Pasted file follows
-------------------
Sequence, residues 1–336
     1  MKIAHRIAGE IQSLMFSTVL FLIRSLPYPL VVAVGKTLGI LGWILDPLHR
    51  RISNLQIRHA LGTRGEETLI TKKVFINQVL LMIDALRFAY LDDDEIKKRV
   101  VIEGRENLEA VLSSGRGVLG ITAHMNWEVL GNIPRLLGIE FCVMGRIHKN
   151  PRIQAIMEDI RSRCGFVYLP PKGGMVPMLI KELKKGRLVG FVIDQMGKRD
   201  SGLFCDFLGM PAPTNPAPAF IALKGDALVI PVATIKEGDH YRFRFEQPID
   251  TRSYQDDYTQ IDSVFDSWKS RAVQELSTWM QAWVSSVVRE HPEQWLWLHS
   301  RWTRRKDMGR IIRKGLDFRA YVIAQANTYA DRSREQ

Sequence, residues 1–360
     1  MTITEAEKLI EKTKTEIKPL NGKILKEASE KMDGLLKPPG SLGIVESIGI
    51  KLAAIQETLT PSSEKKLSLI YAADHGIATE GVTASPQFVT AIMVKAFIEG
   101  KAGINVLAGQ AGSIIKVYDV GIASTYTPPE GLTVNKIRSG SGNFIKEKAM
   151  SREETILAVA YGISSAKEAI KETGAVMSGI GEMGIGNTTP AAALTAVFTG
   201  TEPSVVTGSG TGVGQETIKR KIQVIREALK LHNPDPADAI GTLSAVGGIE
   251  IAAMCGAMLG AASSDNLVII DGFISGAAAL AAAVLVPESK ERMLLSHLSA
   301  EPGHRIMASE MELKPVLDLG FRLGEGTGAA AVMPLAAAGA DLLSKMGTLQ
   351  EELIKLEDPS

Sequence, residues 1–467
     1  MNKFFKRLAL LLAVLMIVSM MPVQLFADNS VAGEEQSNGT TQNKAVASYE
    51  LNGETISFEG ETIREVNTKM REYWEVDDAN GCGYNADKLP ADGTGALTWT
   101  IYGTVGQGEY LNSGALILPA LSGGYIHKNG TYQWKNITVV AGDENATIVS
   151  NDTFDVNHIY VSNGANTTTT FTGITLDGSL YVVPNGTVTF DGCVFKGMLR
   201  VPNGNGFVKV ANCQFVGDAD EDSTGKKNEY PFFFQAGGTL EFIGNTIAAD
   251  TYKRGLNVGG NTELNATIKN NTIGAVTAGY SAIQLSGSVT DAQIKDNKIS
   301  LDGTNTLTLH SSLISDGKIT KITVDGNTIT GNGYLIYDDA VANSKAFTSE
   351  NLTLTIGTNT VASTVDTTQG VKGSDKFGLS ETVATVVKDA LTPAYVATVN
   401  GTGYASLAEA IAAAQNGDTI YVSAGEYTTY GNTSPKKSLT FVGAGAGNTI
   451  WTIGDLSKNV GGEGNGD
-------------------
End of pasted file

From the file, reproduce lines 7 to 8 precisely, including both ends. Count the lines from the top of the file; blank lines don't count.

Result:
   251  TRSYQDDYTQ IDSVFDSWKS RAVQELSTWM QAWVSSVVRE HPEQWLWLHS
   301  RWTRRKDMGR IIRKGLDFRA YVIAQANTYA DRSREQ